Our Italian survey confirmed prolonged mechanical ventilation or difficult weaning as the leading indication for tracheostomy (74.3%), as in the French survey (Blot et al. 2005). Germany and the UK’s surveys did not explicitly investigate PT or ST indications. A recent Spanish prospective, observational cohort study investigated patients receiving ST or PT under this indication, and showed that a longer time-to-decannulation was associated with male gender, age >60 years and high suctioning frequency (Hernandez et al. 2012). On the other hand, the same study found that among patients whose tracheostomy indication was impaired level of consciousness or inability to manage secretions, the main factors predicting a long time-to-decannulation were Glasgow Coma Scale and high suctioning frequency.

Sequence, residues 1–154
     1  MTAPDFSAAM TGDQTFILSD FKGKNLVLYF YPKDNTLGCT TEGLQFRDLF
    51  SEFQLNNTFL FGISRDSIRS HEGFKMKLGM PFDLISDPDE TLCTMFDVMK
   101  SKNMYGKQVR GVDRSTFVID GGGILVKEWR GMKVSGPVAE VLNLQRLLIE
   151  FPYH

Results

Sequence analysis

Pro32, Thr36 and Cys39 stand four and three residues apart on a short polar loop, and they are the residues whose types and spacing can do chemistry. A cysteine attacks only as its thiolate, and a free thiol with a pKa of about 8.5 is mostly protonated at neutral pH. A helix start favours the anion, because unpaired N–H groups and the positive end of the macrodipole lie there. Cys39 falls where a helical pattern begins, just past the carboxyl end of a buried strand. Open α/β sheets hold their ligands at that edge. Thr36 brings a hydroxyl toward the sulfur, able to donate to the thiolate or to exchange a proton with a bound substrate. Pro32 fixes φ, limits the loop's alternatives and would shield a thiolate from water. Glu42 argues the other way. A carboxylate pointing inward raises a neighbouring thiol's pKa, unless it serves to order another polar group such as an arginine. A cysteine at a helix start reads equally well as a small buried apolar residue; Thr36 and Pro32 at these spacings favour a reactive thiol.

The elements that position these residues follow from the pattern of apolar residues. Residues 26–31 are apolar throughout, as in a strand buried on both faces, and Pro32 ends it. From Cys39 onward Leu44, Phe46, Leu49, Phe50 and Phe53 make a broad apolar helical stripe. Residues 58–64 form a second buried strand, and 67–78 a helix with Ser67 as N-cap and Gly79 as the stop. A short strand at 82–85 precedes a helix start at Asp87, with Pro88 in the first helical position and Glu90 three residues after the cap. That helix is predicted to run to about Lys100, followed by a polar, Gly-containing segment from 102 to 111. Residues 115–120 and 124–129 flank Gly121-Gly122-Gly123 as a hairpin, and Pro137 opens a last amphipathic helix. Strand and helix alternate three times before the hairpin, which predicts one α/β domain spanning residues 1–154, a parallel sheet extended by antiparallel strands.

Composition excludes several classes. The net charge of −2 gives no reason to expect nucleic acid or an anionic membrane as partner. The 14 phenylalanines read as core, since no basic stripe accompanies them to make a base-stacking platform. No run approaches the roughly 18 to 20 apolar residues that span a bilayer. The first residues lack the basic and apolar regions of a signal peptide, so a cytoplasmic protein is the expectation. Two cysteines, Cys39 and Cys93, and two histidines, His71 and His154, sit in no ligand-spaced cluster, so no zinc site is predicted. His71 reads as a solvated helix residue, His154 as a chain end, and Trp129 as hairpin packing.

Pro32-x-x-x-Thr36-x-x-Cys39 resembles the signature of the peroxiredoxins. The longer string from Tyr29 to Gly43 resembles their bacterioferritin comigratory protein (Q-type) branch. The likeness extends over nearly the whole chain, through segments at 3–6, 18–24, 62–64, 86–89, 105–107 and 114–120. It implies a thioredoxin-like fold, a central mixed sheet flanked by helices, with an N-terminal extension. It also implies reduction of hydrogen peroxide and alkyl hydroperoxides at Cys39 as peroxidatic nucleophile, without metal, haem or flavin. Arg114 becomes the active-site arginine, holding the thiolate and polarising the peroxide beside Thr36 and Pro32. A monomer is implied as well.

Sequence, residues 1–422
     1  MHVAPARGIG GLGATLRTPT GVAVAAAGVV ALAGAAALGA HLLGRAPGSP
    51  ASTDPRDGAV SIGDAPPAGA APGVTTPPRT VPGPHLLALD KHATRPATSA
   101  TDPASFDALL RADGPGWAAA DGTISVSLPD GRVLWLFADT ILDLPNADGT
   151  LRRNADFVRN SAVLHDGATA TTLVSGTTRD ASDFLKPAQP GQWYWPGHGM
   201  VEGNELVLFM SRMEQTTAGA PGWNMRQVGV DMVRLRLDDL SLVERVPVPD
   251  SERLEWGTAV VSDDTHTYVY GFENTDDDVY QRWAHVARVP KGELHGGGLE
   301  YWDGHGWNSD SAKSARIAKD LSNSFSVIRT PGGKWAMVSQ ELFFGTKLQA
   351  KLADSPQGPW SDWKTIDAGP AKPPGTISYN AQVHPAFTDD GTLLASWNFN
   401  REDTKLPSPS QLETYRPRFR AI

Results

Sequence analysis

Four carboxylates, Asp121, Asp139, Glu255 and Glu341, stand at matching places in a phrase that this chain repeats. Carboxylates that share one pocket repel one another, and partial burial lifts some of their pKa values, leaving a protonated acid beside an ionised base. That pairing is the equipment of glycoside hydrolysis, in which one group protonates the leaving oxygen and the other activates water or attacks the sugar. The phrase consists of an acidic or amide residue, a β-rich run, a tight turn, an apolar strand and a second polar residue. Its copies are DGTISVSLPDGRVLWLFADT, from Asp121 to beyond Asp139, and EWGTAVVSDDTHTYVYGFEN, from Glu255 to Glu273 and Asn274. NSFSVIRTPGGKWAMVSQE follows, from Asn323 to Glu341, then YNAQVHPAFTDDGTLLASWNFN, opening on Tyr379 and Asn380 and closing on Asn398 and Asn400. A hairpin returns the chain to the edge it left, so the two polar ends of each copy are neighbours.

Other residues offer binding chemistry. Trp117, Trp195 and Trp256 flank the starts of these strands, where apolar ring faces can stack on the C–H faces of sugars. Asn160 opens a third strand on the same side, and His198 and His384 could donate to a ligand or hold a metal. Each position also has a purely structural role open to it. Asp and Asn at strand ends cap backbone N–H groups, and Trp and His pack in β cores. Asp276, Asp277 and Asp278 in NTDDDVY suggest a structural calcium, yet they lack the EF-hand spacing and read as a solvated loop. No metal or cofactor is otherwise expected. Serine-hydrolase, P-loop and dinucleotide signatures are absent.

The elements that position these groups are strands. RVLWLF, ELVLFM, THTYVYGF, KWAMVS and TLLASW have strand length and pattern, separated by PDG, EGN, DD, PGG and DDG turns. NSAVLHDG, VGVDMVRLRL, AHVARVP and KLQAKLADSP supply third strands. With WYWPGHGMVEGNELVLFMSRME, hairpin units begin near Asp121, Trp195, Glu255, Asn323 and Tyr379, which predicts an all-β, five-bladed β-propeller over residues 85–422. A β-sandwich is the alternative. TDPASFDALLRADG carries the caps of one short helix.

Timing is a widely discussed parameter of tracheostomy. It is well known that tracheostomy ratio, defined as incidence of tracheostomy per ICU patient, shows a wide intra- and inter-country variability (Nathens et al. 2006). Many ICUs use guidelines that include a specific time window (Scales et al. 2008). To optimise patient care and outcome, different studies investigated whether a specific timing was effectively associated with an improvement in patient survival or complication rates. The two arguments most commonly used to support early tracheostomy are that it could reduce infectious complications and promote early weaning. A recent Italian multicentric prospective observational study randomised more than 400 intubated patients without pre-existing lung infection to early (<7 days) or late tracheostomy (Terragni et al. 2010), and showed slightly higher incidence of ventilator-associated pneumonia (VAP) in the latter group, though without reaching statistical significance (Terragni et al. 2010). Regarding the effects on weaning, retrospective studies showed an association between early tracheostomy and early weaning (Freeman et al. 2005) confirmed by randomised trials (Rumbak et al. 2004) that suggested a causal link between the two. A more recent, larger study that tried to reduce bias in patient selection concluded that no advantage on weaning time was presented by early tracheostomy (Blot et al. 2008). A two-way analysis of variance between groups (ANOVA) was conducted to analyse differences between timing in countries; no differences between countries were indicated (P>0.9). Analysed data conclude that among such countries there is a homogeneous preferential use of intermediate (7- 14 days) tracheostomy (mean 70.3%) compared to early (<7 days, mean 18.6%) or late (>14 days, mean 11.1%). Early tracheostomy was more likely to be performed in small or non-teaching hospitals’ ICUs in both Italian and French surveys.